Designed by:
Grabber is a combinatorial game based on the column checkers method of capture found in games like Bashni, Lasca, Stapeldammen and Emergo. It is the column checkers version of a traditional Hawaiian game called Konane.

Rules
The diagram shows the board with the men in the initial position. There are two players, white and black. White moves first after which turns alternate. Moving is compulsory.
All movement is straight only.

 Columns will arise in the game. Single pieces are considered 'columns of one'. Columns may be of one or both colors. By the nature of the mechanism there will, in the latter case, always be one color on top with prisoners underneath. The top part is called 'the cap' and determines the owner. Moving On each of his first two moves, each player takes one friendly man off the board. After these initial moves, every move must be a capture. A piece captures an orthogonally adjacent opponent's piece by jumping over it to a vacant square immediately beyond, taking the top man along under it as its prisoner. If a player after the first capture can proceed in a similar matter in the same or a perpendicular direction he may do so, but is not obliged to do so. A multiple capture may be terminated at any square. In the course of a multiple capture a piece may visit the same square more than once as well as capture the same piece more than once. If more than one capture is available, players are free to choose.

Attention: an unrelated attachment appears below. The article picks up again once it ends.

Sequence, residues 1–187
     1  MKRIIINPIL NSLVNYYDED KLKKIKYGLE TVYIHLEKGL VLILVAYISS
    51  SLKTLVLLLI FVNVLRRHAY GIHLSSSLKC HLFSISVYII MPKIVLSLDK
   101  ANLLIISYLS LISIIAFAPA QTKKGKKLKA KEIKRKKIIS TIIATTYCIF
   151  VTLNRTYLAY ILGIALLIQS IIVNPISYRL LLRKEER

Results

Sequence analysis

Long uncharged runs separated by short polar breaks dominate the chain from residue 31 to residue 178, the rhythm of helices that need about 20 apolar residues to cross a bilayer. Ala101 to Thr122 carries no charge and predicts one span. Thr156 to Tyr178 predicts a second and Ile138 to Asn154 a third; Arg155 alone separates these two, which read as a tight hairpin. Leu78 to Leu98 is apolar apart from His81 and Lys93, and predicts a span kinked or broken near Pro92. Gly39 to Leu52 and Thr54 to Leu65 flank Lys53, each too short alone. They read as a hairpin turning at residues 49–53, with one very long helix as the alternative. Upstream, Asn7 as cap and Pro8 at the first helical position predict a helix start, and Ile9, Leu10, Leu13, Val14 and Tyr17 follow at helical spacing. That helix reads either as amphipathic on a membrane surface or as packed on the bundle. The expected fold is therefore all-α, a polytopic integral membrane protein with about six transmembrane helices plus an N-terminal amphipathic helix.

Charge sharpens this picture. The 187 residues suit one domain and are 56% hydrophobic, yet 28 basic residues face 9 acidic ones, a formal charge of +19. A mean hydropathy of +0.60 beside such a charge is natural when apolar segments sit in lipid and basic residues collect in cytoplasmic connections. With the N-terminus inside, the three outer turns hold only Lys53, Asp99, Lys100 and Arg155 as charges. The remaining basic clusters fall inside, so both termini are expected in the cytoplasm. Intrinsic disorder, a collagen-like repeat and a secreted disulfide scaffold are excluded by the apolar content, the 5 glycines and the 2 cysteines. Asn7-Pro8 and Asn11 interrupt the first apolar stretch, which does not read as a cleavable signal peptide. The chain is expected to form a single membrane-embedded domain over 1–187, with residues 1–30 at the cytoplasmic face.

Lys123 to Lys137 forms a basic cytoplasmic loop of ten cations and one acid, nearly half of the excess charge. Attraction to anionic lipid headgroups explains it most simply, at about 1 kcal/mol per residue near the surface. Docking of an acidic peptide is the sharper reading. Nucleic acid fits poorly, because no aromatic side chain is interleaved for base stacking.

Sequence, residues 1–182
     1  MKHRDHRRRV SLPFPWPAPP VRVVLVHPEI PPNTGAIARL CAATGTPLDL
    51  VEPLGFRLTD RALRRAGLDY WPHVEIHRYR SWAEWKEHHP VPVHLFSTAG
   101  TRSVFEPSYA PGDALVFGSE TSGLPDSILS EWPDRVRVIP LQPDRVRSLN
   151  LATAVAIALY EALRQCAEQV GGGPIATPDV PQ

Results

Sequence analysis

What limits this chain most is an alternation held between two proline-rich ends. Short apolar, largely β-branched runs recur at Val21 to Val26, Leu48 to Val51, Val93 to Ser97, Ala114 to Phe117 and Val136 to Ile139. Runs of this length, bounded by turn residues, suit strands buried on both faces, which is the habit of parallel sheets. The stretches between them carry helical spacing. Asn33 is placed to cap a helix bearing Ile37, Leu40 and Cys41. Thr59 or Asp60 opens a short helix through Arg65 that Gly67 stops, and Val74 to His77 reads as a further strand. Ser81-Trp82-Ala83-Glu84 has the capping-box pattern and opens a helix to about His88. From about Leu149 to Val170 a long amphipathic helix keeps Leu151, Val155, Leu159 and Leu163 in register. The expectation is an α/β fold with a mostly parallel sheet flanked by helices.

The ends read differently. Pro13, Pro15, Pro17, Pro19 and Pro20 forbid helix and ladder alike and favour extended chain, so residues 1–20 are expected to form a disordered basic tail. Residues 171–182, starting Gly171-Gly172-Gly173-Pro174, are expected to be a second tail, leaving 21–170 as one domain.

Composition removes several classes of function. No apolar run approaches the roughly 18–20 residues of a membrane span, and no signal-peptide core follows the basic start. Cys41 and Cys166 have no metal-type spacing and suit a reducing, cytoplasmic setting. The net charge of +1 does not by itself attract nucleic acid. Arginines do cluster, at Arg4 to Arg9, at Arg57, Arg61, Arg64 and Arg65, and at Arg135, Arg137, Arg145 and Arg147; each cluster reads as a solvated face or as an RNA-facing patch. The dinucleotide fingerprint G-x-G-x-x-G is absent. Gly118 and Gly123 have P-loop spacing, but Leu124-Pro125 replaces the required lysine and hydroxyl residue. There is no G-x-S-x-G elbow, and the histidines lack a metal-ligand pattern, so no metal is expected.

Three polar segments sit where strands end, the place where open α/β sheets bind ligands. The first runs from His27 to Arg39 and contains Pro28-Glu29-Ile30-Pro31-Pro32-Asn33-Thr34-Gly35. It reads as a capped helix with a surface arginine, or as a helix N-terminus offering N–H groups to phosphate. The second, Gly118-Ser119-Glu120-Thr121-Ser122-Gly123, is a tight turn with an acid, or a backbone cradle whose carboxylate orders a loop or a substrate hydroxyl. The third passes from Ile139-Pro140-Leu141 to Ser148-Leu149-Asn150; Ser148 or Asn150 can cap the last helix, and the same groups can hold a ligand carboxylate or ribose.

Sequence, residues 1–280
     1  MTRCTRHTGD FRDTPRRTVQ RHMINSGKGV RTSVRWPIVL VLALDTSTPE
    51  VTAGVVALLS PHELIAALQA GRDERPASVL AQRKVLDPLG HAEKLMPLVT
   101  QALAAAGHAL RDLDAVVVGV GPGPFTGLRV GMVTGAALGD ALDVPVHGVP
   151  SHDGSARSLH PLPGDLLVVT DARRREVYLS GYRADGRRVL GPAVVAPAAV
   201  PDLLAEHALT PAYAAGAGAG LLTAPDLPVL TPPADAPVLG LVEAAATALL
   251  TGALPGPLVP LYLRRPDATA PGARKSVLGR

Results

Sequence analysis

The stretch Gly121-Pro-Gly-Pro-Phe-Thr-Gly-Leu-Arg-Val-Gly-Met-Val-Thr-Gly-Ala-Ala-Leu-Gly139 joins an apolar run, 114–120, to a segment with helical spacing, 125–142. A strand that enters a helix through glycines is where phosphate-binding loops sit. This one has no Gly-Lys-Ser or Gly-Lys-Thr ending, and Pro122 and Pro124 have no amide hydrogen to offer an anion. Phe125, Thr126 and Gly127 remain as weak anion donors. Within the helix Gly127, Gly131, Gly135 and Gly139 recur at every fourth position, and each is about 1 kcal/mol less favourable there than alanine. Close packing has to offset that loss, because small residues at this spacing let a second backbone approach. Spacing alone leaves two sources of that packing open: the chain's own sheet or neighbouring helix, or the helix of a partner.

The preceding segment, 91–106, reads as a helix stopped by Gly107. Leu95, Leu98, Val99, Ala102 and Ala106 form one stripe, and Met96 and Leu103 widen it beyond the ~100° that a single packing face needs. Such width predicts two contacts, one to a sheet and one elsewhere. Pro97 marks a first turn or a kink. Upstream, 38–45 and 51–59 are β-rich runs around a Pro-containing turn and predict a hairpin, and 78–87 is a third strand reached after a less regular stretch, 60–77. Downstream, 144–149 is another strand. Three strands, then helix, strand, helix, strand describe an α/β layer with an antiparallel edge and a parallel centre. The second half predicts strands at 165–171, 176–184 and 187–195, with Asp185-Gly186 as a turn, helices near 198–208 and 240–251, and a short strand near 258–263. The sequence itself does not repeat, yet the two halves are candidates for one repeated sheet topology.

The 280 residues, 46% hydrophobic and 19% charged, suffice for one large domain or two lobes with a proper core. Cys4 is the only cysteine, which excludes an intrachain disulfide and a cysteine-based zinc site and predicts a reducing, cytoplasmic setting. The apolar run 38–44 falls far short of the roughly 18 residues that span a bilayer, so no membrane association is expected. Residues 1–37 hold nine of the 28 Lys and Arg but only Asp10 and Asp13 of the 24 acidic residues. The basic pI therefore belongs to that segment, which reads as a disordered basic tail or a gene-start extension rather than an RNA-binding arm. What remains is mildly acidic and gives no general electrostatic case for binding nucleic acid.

Object
If a player on his turn cannot make a capture, he loses the game.

 Sorry, you need a Java enabled browser to view this Grabber Game. An example game Here's an example game between the Axiom Game Engine and itself.

Note: every time a single man is captured, the number of pieces decreases by one. Since there is no way to increase the number of pieces, there will be progressively fewer pieces.

Note: Grabber is not an elimination game. A player may have plenty of pieces but no capture. So making multiple captures may not always serve the game's object and will often run counter to it.

Note: On small boards Grabber can be seen to be a win for the second player most of the time (depending on the squares where the initial removal of one white and one black man takes place):
This behavious seems to cast a rather long shadow: on a 6x6 board the Axiom Game Engine if playing against itself, gets a second player win in about 70% of the games. In human terms this may be less relevant, but not altogether insignificant.

Grabber is also implemented on the Axiom Game Engine and can be downloaded from our Axiom page.

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